The striking images underpinning Niagara, Niagara’s opening credits—a montage of cascading waters and misty spray—evoke memories of previous cinematic excursions to those cataracts: Marilyn Monroe, in her most blatantly carnal role, plotting to kill deranged husband Joseph Cotten in Niagara; CIA agent Roy Scheider battling for his life beneath the falls at the climax of Jonathan Demme’s underrated neo-Hitchcockian thriller Last Embrace.
I doubt that moviegoers will recall Bob Gosse’s feature debut as fondly. A 1986 SUNY-Purchase film school graduate, Gosse (who collaborated with filmmaker Hal Hartley before co-founding an independent production company) has teamed with screenwriter Matthew Weiss on a project that cannibalizes elements from at least a dozen alienated-youth-on-the-run theatrical features and disease-of-the-week telemovies. Watching Niagara, Niagara is rather like sitting through an American film retrospective at which a drunken projectionist has jumbled the reels. Bits of Badlands, Rain Man, David and Lisa, Thieves Like Us, Bonnie and Clyde, Drugstore Cowboy, and Mad Love (to list only the most obvious sources) collide in an episodic narrative that plunders past successes without ever finding its own identity.
E.T.’s Henry Thomas, who has survived boyhood stardom without any evident damage, plays Seth, a withdrawn, dorky loner in an upstate New York town. (The film was largely shot in Poughkeepsie, though the setting is never specified.) While clumsily attempting to shoplift from a department store, he literally bumps into volatile Marcy (Robin Tunney), a booster with far more finesse. (This is Weiss’ ’90s notion of meeting cute.) Seth returns to the dilapidated house he shares with his abusive, depressed father, only to meet Marcy again later at the same emporium. Outraged that the store does not stock the Black Bobbi hairstyling doll she’s seeking, she persuades Seth to drive her to Toronto, where, apparently, that item is more readily available.
After stopping at Marcy’s parents’ mansion, the pair hit the road. Seth soon begins noticing some oddities about his companion’s behavior: aggressive verbal outbursts, ineptly concealed physical tics and spasms, excessive alcohol consumption from a silver flask. After a visit to a liquor store, where Seth steals booze for Marcy and she protects him from the taunts of a gaggle of teenagers, they repair to a motel, where Marcy reveals that she suffers from Tourette syndrome and demonstrates this obsessive-compulsive condition by meticulously arranging the contents of her cosmetics bag. Having left her medication at home, she explains that alcohol and sex help to control her disease. Seth happily provides the latter palliative.
A series of increasingly desperate misadventures follows. During a flubbed robbery attempt to score pills at a drugstore, Seth is wounded by the pharmacist (Stephen Lang). Speeding away with Marcy at the wheel, the car crashes into a ravine, from which Marcy and Seth are rescued by Walter (Michael Parks), a widowed tow-truck operator. He takes them to his ramshackle junkyard, where he ministers to Seth’s wound and hospitably provides lodging, meals, and entertainment (fishing, sharpshooting, and golf). His kindness is repaid by a violent, though unintended, beating by Marcy, whose disability has driven her to the edge of insanity. Escaping in Walter’s truck, Seth and Marcy cross the Canadian border and, after a glimpse of the titular falls, proceed to Toronto, where they finally locate a chained display model of Black Bobbi. Their frenzied attempts to secure the doll lead to the film’s violent climax.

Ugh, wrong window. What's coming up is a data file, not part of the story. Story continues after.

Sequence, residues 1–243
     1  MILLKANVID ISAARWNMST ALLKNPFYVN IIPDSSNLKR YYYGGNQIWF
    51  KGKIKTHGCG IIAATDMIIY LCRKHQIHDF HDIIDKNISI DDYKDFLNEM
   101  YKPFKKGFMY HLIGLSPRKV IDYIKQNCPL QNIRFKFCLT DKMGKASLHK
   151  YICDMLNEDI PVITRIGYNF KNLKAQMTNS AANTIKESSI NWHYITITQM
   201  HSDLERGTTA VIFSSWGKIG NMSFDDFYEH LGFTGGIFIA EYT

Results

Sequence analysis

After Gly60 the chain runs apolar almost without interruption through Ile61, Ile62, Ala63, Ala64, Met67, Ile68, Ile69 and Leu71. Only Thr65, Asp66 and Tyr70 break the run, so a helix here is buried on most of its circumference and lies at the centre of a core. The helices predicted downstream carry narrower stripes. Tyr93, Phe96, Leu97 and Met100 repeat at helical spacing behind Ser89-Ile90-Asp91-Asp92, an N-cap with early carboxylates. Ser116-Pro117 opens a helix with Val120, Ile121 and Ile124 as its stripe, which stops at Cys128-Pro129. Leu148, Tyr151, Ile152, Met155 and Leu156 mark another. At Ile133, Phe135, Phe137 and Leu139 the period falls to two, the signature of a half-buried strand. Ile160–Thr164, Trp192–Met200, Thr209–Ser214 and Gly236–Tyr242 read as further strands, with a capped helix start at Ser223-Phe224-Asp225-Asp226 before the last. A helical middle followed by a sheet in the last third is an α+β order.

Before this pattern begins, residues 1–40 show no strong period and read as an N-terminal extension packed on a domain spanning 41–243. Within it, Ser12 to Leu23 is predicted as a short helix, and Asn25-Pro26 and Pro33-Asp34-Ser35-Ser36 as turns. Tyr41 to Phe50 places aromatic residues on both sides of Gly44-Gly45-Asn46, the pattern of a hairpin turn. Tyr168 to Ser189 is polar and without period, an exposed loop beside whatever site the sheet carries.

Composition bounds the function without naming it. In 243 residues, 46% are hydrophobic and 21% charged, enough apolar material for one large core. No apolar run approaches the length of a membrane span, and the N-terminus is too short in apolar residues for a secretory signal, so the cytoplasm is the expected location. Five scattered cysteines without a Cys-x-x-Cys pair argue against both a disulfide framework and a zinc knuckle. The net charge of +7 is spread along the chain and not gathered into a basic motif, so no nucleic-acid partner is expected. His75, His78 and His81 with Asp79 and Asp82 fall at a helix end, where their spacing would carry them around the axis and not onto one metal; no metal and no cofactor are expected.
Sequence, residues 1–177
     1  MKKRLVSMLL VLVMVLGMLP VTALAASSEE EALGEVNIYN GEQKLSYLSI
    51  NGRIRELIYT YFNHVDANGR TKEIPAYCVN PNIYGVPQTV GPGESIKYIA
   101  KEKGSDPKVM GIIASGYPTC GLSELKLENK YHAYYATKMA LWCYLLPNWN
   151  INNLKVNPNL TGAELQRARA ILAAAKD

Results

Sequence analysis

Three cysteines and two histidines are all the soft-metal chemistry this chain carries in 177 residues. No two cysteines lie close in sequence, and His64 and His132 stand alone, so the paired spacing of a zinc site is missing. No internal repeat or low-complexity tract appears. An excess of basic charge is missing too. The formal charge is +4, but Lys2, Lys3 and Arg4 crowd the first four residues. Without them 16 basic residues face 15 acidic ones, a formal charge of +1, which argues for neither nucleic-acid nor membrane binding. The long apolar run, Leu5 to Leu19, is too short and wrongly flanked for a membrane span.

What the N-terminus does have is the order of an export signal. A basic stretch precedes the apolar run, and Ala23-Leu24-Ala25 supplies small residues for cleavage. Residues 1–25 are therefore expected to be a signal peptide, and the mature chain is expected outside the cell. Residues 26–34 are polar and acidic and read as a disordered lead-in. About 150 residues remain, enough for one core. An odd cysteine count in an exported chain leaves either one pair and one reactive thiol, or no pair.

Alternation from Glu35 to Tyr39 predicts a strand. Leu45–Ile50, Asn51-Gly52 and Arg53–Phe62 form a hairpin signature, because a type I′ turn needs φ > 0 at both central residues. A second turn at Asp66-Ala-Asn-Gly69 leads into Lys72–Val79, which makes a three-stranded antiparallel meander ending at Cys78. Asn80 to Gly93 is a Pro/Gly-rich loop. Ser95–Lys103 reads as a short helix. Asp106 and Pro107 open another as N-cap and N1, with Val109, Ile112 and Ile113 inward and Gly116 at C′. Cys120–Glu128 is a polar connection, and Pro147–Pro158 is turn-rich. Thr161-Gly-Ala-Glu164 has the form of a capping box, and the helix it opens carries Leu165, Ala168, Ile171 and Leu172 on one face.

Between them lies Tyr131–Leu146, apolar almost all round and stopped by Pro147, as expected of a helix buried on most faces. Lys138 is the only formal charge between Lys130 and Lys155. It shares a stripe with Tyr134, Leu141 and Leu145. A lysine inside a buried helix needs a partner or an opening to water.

If this summary sounds appealing—and you’d better do some serious introspection if it does—you’ll find that Gosse executes it efficiently. Marcy is an aspiring actress’s dream role, and Tunney gives it all she’s got. (Her efforts won her the Best Actress prize at last year’s Venice Film Festival.) Dark, slim, and graced with an oddly expressive mouth—in some shots, she’s a ringer for the young Margot Kidder—Tunney unsparingly jerks, twitches, curses, and otherwise freaks out. It’s an explosively clinical performance, but not a particularly pleasurable one to witness. Although far less histrionic, Thomas’ part is arguably more demanding, requiring him to evolve from giving subtle, mute reactions to exhibiting authority and responsibility as Marcy goes increasingly bonkers. Parks, whose career has taken him from failed James Dean clone (The Wild Seed, Bus Riley’s Back in Town) to television series star (Then Came Bronson, Twin Peaks), emerges as a subtle character actor, conveying Walter’s gruff complexity in a few sketchy scenes.
Niagara, Niagara is not without incidental pleasures. Cinematographer Michael Spiller, who has been responsible for the rich images in Hal Hartley’s features, gives the film a visual sheen seldom found in budget-pinched indies. (There’s a magical shot of Walter towing Seth’s inverted car down a rural highway, a shower of sparks glittering where the metal scrapes the pavement.) And Weiss’ dialogue occasionally has some inspired passages. Prior to raiding a convenience store, Marcy muses, “I feel like fucking Farrah. She’s my favorite Angel.”
But we’ve traveled this road in the company of disaffected misfits too often in the past for Niagara, Niagara to have much impact, and its sole novelty—the Tourette-addled protagonist—is a source of more exasperation than edification or empathy. After spending 93 minutes with Tunney’s hysterical Marcy, one leaves the theater wondering whether the most compassionate treatment for her ailment might not be lethal injection.